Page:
Jun 8, 2017, 12:00 PM
"Power, Madam Chairperson, is never given on a silver platter. We cannot continue to adopt the reactive, passenger seat model in our interactions with the world.
When crisis hit, it is often women and children who are usually affected most. As a result, we must drive change and transformation. We must own not just the solutions, but the entire process, in every level of policy formulation and decision making.
We must move from standbys to active participants, from rhetoric to action.
Time has come for us not only to clap for our partners, men, but we must be seen to take the driving seat as transformative women leaders".
These were the remarks of Isatou Njie-Saidy the Vice President and Minister of Women's Affairs when she opened a two-day capacity building workshop for members of the National Women's Council and women leaders held at the Paradise Suites Hotel on Tuesday.
Mrs Njie Saidy in her speech also called on women, especially mothers, to change their attitude with a view to meeting challenges in future.
"Decision making positions require a certain amount of education, which is sometimes denied to the girls due to cultural practices such as early and forced marriage, as well as teenage pregnancy."
"To meet against these challenges requires attitudinal change, particularly among we mothers, who are sometimes found wanting in these situations," she added.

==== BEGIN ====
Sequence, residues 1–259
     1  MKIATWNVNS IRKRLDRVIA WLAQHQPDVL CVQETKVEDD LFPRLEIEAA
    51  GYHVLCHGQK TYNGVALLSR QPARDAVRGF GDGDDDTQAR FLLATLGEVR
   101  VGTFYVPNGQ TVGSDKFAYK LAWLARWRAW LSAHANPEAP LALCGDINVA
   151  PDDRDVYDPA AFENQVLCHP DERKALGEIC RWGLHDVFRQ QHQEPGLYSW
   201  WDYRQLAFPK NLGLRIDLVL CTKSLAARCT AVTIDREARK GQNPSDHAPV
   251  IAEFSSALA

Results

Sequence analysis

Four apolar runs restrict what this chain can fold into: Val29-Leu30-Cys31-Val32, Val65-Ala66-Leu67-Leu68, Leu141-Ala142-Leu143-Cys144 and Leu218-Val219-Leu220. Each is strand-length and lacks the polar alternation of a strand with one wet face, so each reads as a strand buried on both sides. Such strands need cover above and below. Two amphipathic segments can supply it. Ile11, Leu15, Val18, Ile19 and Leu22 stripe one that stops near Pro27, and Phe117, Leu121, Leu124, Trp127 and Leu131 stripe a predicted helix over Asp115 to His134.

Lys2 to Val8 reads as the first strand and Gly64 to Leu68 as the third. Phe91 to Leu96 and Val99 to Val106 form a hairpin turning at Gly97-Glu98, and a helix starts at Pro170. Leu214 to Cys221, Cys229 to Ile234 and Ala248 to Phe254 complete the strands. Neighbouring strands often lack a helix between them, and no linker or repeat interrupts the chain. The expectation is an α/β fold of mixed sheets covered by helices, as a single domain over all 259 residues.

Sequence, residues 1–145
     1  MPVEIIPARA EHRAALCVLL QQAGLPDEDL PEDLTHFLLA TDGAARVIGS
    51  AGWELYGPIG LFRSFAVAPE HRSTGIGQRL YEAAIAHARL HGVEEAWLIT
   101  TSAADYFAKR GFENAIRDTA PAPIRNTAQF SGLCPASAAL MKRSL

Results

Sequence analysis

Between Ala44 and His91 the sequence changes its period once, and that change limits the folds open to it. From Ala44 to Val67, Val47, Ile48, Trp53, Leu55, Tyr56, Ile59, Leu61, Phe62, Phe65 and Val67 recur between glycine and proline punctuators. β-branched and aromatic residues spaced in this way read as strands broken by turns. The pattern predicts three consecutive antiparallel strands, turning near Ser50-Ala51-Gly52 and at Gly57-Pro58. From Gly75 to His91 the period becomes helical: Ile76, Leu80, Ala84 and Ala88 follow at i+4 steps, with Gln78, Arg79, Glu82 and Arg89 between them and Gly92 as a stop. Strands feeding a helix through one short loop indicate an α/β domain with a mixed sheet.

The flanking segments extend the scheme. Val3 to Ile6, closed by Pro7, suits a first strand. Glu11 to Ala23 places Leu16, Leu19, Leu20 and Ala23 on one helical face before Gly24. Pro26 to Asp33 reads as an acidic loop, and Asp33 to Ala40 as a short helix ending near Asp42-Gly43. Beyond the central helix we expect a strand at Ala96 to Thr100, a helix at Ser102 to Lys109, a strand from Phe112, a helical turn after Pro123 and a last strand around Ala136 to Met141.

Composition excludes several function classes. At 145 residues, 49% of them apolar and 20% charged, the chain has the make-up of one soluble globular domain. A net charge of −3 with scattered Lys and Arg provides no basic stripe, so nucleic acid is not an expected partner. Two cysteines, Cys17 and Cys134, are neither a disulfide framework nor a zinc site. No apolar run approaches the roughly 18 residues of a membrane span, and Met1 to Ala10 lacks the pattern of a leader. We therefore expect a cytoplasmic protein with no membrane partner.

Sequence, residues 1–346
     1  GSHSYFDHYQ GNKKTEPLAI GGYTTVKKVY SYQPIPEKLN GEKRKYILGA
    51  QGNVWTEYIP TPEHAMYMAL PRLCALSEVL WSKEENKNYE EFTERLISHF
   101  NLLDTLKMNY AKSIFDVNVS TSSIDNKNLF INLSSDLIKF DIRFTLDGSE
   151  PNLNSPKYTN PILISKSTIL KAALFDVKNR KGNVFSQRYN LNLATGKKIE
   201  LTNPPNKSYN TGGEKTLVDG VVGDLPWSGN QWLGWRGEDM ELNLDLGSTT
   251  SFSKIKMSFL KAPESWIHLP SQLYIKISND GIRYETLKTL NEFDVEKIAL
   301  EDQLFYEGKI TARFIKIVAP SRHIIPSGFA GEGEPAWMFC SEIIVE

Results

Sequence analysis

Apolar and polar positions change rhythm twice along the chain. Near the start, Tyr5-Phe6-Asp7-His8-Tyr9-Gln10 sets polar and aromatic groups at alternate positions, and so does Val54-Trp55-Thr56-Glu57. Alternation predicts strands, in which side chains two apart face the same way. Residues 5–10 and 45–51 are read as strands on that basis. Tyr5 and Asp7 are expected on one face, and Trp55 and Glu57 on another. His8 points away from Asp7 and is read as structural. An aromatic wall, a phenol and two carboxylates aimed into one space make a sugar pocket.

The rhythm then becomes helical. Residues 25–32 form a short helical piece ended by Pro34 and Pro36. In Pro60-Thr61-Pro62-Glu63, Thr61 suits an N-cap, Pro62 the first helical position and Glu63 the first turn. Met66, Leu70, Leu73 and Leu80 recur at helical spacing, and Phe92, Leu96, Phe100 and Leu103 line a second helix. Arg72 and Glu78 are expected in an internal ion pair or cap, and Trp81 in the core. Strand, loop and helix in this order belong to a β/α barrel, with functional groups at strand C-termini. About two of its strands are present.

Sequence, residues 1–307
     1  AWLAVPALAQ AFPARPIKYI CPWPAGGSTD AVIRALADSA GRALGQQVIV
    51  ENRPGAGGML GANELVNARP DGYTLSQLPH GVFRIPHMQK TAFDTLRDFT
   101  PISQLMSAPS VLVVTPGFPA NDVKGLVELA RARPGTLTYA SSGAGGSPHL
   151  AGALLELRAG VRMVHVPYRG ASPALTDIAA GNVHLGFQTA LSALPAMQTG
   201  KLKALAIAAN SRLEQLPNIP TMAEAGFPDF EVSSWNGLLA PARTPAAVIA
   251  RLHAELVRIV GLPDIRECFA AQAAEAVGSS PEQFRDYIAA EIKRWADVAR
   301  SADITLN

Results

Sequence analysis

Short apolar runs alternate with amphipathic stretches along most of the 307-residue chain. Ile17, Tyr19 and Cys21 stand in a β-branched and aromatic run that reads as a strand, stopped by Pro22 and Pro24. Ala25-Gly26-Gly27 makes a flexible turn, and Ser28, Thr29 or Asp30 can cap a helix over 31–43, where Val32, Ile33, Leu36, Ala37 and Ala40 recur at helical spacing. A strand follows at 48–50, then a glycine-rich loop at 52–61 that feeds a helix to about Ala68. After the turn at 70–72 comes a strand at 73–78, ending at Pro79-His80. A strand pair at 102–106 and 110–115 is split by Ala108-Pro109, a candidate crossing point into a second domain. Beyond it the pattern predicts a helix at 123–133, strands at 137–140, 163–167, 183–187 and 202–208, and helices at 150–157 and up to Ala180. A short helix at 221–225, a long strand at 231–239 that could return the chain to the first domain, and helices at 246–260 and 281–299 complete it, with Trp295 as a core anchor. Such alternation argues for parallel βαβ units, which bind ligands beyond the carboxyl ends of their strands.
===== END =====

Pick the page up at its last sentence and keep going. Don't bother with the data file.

According to the Vice President, the amount of time and energy women spend on carrying out their unpaid reproductive roles serves as a barrier for them to participate in self-enhancing activities such as education, particularly in adult literacy classes, income generating activities and governance.
"Low literacy levels (37.1 percent female and 58.4 percent males) and low skills of women have culminated in their limited participation in the decision making processes. Available data indicates that less than 32 percent of formal private sector employees are females with approximately 10% in managerial positions. In the public sector, women constitutes less than 25% of the civil servants, and a large percentage of these are found in low paid jobs, despite the affirmative actions undertaken by government," she stated.
In the area of government, she went on, women's invisibility is pronounced, especially in local government administration.
"There are no women governors, mayors, chairpersons of councils or district chiefs. Out of the 1,873 villages in the country, there are only five female alkalolus," she pointed.
On the other hand, she stated, some of the few women who find themselves in leadership positions, at national or local levels, find it difficult to effectively contribute and to influence decisions due to their limited capacities, numbers and patriarchy that is deeply rooted within our institutions.
The Vice President also stated that after a conducted assessment of women in decision making positions, it was revealed, among other things, that limited capacity, lack of confidence and resources are some of the main reasons why women do not take up leadership positions, especially political positions.
She said the study recommends capacity development as one of the main strategies that should be adopted to address the situation highlighted above.
Mrs Njie Saidy pointed out that the workshop should not only ensure sustainability of resources, but also to improve on the gains already made. She further told the participants that the training should help them build capacities in their various leadership roles, and also encourage them to support each other's leadership aspirations through networking.